The very first hand was an ill portent. When the hand was over, my partner and I slipped our hands back into the board, pushed away from the table and I said, “Well, thanks partner, that was fun. I’ll see you tomorrow.” The opponents were too stunned to prevent us from leaving. Or, anyway, that’s what should have happened.
Two tricks into the first board I was convinced I knew what my next entry for this ‘blog would be about, but the remaining boards contained such a vast array of frustration and general stupidity that by the end of day I could no longer tell, nor much care, what to write about.
The best thing I can say about the session is that on two hands where twelve tricks turned out to be available for the taking (on a finesse or a suit splitting kindly), we were the only pair that even explored the possibility of a slam. Which is to say we were the only pair in five making six. No difference in score, of course, but we deserve a cookie or something.
Perhaps surprisingly, the worst thing was the opponent who asked dummy to run a long suit and then spent thirty seconds to a minute deciding what to discard … on every single trick. Certainly finding discards wasn’t going to be a cakewalk for anyone on that hand, but it was torture watching her agonize over each and every card, taking one out of her hand, putting it back in and then on one trick she failed to notice that I had already played to the trick so that one took even longer. And then when it was all over she still blocked herself out of her hand. By the end I was ready to scream, “For f_ck’s sake, I’m quite sure you could have done that without giving it any thought at all!” I might as well have considering how miffed she got at my suggestion that she could have played the hand faster. “Rude!” she said. Personally I thought it was pretty rude of her not to consolidate her ponderous pondering, I mean, what was she doing over there? Maybe she was mentally rehearsing her lines for a community production of Richard the III or trying to come up with the names of all seven dwarves (that’s what I do when I need to look like I’m deep in thought, but am really not). Clearly she wasn’t thinking about what she should be discarding.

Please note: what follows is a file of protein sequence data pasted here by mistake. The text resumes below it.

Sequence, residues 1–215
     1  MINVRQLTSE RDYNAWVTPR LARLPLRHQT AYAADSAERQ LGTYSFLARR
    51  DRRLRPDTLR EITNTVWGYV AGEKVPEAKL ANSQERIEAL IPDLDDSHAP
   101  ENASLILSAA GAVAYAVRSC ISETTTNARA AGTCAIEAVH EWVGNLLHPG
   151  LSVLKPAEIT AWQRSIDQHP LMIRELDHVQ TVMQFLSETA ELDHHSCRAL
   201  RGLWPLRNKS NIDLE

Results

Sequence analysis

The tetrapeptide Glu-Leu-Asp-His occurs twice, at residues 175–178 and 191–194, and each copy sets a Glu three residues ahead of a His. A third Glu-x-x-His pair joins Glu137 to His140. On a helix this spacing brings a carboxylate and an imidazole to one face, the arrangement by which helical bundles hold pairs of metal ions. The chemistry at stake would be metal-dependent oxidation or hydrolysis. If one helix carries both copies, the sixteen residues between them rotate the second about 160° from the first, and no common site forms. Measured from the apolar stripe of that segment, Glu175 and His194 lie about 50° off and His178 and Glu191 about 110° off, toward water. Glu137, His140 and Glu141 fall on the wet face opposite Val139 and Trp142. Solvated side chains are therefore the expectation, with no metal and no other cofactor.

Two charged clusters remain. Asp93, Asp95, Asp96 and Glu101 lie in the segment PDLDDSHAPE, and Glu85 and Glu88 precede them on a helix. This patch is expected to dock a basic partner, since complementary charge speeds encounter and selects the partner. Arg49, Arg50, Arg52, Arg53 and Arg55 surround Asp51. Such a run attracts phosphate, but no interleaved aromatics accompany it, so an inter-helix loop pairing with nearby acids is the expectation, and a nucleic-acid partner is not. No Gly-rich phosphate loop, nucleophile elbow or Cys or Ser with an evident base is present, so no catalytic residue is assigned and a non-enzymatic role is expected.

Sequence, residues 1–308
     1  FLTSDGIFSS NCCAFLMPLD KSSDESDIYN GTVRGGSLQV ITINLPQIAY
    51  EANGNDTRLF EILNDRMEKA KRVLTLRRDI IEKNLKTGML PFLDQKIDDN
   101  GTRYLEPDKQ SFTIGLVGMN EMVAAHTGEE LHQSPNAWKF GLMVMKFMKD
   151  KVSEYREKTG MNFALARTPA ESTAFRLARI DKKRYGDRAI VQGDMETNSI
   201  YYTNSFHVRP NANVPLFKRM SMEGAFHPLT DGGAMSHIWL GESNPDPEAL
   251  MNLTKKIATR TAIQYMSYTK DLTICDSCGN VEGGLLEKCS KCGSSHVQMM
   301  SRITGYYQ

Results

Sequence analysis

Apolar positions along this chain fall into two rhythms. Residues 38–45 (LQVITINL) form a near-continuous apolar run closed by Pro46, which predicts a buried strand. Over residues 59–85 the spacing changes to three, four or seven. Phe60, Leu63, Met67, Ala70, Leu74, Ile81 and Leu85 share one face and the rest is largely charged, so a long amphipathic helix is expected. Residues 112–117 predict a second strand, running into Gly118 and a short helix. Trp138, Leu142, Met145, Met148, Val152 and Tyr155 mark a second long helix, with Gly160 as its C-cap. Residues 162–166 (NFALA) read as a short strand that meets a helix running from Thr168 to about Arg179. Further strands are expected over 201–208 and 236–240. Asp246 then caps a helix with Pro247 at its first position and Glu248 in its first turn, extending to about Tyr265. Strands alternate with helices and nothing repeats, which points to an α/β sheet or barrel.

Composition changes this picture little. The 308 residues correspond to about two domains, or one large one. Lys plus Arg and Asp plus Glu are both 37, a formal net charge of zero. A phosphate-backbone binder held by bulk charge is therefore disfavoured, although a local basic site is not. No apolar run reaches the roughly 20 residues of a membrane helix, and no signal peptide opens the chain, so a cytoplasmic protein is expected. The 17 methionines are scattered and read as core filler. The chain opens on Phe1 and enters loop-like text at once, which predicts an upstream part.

One interesting issue that came up was: what happens if one realizes they have revoked after the hand is over and the opponents have not caught on? While some people might see this as an ethically ambiguous issue, my teacher was unequivocal when he said that the correct thing to do was to say nothing. The reason being that admitting that one has revoked will automatically give the opponents a good score, likely a top, thereby punishing all of the other pairs sitting the same direction as them.
So when I noticed a revoke and said nothing, I thought I was doing the right thing. Then my partner caught on to the error and corrected it. The opponents were, of course, very grateful and gracious about it, and it wasn’t as if our game could possibly get any worse. Still while it wasn’t fair for them to get a bad score due to the misplay, it wasn’t fair to the other pairs sitting the same direction to get a bad score due to the correction. There is no mechanism built in for simply restoring the score to par if one is caught in a revoke by ones own admission. Perhaps the rules should be changed so that when one catches ones own revoke after a hand is played the score is only adjusted to what one would have made had the revoke not occurred. A deterrence factor would still exist because if the opponent catches the revoke the usual penalty would still apply.
After the game I stumbled out into the heat and realized that there was zero chance of my being able to sleep. It was too hot and I was too agitated. I decided to seek respite in the dark chill of a movie theater and went to go see Abraham Lincoln: Vampire Hunter. It was everything one could want from a film of that title. I can’t wait for the sequel, Harriet Tubman: Zombie Slayer.
Unrelated to the above, circumstances beyond my control have pickled my plans for the upcoming NABC. I feel a little sick just thinking about it mostly because Doc had made plans (replete with airline tickets and hotel reservations) to come out for the week and we had been planning on playing most days together. He’s being very understanding about things and we’re still going to try to play as much as possible. I’ve offered to put him together with some of my partners so that he wouldn’t be playing roulette with the partnership desk. I told him that if he was up for an adventure he could play with a couple of the bright beginners that I play with, his response was enthusiastic, “I am more than willing to play with some bright beginners. After all, that was how we met.” And partners like him are what make this game tolerable.